Monday, July 5, 2010
Those using their cell phones while driving are having to think twice as local police have been issuing citations since June 10.
Cell phone use was a secondary offense for motorists until that date. As of June 10, law enforcement has been given the authority to cite any driver talking on their cell phone without using a hands-free device or without using a speaker phone. It became a primary offense on that date.
Sunnyside police officers have written 21 citations for using a cell phone while driving through last Tuesday. The department hasn't yet determined if those numbers are more or less than prior to the law going into effect.
"We want to strongly remind people to use hands-free devices if they are talking on their cell phones," shared Sunnyside Police Department Public Information Officer Charlotte Hinderlider.
She said law enforcement officers, those wearing hearing aids and individuals calling 9-1-1 to report an emergency are exempt from the law, but there is a possibility those with hearing aids and calling 9-1-1 will be pulled over and questioned by law enforcement.
The law enforcement officer will then determine whether or not the individual will be cited, according to Hinderlider.
The Grandview Police Department, according to Assistant Police Chief Mark Ware, has issued 25 citations for cell phone use while driving since the new law went into effect.
That number is up from nine citations issued between Jan. 1, 2010 and June 9, 2010.
"We are seeing fewer people talking on cell phones while driving now, but it obviously does still continue," shared Ware.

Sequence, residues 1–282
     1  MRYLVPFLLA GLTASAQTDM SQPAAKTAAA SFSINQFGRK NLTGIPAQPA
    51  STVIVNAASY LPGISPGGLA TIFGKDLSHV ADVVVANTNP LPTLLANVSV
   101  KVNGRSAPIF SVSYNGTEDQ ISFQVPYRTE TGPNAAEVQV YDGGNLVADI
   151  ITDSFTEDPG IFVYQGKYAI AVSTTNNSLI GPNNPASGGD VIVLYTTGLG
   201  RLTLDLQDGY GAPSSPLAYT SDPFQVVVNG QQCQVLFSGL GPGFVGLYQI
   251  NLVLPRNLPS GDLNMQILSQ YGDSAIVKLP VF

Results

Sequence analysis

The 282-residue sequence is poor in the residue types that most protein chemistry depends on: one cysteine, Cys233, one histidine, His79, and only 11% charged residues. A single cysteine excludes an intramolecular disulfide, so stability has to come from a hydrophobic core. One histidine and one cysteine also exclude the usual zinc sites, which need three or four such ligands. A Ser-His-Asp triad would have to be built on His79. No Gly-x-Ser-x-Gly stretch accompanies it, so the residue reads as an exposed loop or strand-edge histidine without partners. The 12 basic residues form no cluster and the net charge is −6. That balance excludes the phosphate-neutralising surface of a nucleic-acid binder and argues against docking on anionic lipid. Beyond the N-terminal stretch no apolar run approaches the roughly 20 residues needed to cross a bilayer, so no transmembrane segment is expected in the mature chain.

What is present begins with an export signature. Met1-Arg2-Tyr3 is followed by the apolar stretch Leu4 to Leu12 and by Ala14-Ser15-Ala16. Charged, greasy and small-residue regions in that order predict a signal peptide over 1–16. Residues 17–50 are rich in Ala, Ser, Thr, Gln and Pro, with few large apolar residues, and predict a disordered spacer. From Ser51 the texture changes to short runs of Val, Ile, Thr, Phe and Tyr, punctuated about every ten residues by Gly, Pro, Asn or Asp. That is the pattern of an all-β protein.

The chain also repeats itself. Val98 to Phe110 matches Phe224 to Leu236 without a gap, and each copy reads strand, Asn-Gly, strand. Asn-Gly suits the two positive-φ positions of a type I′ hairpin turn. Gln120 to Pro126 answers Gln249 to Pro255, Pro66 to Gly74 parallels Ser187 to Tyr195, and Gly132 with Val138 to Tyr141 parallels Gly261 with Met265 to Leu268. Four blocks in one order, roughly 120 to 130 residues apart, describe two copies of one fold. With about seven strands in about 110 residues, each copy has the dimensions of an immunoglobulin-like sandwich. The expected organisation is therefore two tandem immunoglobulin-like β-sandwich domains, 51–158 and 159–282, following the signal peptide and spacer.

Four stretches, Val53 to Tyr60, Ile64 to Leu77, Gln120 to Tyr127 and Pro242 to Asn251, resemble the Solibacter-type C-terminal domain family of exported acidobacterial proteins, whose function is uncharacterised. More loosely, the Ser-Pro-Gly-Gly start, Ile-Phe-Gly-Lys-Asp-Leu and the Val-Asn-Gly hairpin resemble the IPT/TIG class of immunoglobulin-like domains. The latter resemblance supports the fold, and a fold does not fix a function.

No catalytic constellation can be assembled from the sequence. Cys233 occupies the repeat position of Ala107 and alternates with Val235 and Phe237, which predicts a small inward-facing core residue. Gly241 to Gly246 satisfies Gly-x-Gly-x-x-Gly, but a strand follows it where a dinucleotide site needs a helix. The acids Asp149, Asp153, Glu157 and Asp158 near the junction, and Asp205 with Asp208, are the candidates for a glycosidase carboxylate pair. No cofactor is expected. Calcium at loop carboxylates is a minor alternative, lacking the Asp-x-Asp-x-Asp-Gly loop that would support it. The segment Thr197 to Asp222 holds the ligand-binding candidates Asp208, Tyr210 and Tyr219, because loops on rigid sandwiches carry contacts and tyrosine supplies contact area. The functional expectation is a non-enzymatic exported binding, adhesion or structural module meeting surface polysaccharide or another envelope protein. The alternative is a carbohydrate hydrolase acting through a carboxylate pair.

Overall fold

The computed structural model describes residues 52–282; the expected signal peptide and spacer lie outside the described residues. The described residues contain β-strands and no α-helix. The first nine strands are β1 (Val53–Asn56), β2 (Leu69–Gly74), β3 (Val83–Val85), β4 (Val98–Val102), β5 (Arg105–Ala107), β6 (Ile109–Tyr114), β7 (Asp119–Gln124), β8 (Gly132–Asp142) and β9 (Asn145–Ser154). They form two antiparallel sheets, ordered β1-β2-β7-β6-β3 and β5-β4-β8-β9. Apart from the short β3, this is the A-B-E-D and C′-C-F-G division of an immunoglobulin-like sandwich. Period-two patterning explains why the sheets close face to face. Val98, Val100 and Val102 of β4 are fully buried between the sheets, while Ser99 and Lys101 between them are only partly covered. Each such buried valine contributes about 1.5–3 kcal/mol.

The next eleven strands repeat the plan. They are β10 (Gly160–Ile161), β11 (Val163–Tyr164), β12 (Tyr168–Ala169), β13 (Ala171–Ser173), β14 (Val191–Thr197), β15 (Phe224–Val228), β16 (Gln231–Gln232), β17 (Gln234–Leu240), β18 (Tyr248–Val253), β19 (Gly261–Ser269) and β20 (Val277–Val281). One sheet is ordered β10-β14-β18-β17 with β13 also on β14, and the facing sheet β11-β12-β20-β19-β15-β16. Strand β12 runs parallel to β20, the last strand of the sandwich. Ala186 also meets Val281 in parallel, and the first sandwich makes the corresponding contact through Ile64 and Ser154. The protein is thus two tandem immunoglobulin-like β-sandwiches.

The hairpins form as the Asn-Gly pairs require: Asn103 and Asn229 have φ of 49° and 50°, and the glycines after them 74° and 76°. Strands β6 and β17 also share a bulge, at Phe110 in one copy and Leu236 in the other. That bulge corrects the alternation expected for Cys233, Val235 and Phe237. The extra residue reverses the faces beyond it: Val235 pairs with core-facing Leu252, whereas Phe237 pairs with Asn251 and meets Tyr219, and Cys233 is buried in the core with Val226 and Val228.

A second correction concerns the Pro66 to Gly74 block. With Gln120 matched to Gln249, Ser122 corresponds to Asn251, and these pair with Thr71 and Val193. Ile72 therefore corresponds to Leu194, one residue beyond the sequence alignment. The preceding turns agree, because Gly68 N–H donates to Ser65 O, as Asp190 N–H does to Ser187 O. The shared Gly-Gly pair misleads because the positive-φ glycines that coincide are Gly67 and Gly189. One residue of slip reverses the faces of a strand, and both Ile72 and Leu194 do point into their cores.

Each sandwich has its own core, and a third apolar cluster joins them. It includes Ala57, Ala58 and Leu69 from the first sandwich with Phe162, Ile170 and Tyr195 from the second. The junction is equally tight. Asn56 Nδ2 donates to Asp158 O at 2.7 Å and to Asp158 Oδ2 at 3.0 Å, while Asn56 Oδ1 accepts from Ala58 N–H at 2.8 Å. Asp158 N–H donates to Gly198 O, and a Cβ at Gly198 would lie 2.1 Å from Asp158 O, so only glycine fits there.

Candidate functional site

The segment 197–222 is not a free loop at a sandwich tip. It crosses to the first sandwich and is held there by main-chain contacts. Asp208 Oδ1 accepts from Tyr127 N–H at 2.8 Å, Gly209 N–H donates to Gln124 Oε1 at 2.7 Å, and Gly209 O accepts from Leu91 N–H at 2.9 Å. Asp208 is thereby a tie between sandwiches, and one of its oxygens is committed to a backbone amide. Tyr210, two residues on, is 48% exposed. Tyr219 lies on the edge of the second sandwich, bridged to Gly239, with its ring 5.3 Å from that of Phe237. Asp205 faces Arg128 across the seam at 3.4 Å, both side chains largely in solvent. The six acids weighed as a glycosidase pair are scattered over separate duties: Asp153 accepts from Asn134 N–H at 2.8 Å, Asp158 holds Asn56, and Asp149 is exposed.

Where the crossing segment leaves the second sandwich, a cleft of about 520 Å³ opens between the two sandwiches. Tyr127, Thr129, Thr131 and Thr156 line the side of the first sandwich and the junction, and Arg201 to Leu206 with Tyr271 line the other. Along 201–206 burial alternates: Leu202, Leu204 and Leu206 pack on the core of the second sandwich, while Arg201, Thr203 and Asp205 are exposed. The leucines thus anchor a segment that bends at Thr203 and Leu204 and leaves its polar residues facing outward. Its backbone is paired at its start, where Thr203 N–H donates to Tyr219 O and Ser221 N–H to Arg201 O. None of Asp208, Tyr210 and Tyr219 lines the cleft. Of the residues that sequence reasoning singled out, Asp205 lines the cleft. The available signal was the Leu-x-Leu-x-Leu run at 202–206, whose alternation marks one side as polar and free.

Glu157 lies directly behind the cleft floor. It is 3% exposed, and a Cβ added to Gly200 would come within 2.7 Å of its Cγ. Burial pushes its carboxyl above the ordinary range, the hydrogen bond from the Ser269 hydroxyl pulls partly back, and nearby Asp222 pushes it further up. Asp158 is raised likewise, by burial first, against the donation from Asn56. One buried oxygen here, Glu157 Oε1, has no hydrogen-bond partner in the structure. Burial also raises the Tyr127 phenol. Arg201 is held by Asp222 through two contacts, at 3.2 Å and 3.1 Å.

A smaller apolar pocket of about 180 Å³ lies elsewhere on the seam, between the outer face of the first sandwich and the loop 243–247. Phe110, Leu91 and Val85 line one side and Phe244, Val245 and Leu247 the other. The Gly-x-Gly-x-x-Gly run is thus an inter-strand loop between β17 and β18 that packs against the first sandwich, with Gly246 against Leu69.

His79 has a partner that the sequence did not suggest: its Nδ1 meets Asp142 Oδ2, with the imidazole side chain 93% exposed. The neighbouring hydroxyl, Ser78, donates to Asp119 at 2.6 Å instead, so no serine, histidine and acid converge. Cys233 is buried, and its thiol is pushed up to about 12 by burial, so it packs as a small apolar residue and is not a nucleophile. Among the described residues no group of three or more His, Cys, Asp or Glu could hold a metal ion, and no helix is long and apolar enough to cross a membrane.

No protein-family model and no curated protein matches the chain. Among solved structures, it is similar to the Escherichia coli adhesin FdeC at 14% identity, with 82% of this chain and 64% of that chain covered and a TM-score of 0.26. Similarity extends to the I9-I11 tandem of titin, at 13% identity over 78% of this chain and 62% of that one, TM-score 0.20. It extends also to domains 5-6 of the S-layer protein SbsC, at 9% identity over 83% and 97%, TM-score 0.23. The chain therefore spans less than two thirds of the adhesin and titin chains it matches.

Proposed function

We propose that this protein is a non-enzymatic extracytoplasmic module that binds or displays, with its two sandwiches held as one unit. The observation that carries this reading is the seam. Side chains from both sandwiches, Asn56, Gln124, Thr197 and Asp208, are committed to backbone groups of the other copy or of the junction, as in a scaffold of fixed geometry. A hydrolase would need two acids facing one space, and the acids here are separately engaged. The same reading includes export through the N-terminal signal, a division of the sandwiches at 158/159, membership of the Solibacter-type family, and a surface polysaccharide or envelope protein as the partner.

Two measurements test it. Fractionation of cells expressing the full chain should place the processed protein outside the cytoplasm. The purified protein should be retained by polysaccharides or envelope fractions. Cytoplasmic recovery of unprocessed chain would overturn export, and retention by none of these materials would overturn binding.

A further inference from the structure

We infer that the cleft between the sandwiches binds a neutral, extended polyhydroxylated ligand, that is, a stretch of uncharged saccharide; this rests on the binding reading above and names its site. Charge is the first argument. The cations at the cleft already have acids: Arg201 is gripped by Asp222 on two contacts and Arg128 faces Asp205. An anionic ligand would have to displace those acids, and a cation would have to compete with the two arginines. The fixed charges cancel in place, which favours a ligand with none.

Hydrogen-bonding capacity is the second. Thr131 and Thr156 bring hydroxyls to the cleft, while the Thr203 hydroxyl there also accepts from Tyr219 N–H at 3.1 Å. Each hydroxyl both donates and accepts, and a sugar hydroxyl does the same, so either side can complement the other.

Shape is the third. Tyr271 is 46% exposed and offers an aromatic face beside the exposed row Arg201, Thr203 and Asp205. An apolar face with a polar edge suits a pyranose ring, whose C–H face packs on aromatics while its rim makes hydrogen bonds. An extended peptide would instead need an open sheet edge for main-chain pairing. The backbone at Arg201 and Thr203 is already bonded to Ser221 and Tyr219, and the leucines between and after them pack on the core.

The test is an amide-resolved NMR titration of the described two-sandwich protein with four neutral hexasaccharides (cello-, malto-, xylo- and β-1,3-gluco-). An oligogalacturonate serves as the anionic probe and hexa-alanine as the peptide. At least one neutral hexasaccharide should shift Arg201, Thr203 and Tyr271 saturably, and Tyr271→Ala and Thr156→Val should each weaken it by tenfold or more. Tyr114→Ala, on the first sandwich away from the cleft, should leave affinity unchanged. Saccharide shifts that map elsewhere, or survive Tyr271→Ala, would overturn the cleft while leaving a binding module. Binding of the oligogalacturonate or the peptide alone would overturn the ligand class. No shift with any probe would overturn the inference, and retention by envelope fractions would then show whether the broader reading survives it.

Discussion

He said it is important to note cell phone use is a distraction for drivers.
"Much has been written over the last few weeks about the distracted driving that cell phone use causes...it is absolutely true," shared Ware, stating a person's full attention is key to safe driving.
"While I have no statistics on actual accidents that occurred as a result of this (using a cell phone while driving), I personally have seen a number of near misses," he continued.
Ware acknowledges other driving distractions are common. But cell phone use, Ware said, was more common as it seems cell phones become more universal.
"Yes, you'll see an occasional driver doing other things to distract themselves...just because of sheer numbers (of cell phone users) cell phone use while driving was totally out of control," he explained.
Ware said the legislation prohibiting cell phone use while driving was common sense.
Both cities have noted there is not a grace period being given to drivers.
"Police are not giving warning on this new law. People need to be aware that use of your cellular phone when driving is dangerous and that they will be cited if they don't use a hands-free device," shared Hinderlider.
The Washington State Patrol, too, has taken a zero tolerance stance on the law.
Nearly 670 citations have been issued by troopers throughout the state in just 20 days.
In District Three, which includes Yakima and Benton counties, 84 motorists have been cited for using cell phones while driving. Troopers in the area have issued 41 warnings for the violation and one warning for texting while driving.
State Patrol Chief John Batiste believes compliance has increased since the violation has become a primary offense. He said drivers are making it easier for troopers by complying with the law.
"Those who continue to flout the law are now much easier to spot," he shared, adding the law is one driver's have had time to grow accustomed to since it was introduced as a secondary law.
For this reason, no grace period was given by the Washington State Patrol.
"Because the basic behavior has already been illegal for two years, troopers were told to enforce the new law in exactly the same way as every other violation," Batiste noted.